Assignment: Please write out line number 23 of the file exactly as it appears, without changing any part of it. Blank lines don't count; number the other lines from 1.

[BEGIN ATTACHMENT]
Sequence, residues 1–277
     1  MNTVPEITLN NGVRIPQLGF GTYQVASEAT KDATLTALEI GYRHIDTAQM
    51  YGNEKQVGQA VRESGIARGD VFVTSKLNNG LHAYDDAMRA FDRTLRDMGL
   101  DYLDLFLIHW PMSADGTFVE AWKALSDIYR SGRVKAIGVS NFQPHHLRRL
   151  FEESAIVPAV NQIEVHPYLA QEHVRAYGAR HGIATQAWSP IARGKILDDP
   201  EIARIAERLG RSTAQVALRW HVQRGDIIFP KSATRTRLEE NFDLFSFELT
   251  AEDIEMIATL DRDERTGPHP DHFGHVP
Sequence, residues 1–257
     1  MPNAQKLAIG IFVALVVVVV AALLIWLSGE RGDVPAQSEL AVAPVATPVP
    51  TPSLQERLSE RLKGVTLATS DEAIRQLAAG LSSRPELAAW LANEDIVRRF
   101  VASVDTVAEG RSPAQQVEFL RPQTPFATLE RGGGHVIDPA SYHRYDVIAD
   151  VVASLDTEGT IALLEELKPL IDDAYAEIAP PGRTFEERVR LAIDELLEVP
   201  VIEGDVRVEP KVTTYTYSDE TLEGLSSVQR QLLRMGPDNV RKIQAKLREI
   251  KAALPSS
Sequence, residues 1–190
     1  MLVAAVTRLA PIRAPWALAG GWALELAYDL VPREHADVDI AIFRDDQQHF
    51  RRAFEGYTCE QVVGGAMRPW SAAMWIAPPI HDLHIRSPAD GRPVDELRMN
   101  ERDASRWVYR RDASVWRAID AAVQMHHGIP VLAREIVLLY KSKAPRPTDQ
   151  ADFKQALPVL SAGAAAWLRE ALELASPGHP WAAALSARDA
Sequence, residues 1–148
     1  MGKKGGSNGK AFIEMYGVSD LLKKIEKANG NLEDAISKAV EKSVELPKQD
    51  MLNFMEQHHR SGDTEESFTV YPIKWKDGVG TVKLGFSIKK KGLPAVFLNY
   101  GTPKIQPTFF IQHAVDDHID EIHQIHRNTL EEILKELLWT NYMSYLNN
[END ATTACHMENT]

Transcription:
   101  GTPKIQPTFF IQHAVDDHID EIHQIHRNTL EEILKELLWT NYMSYLNN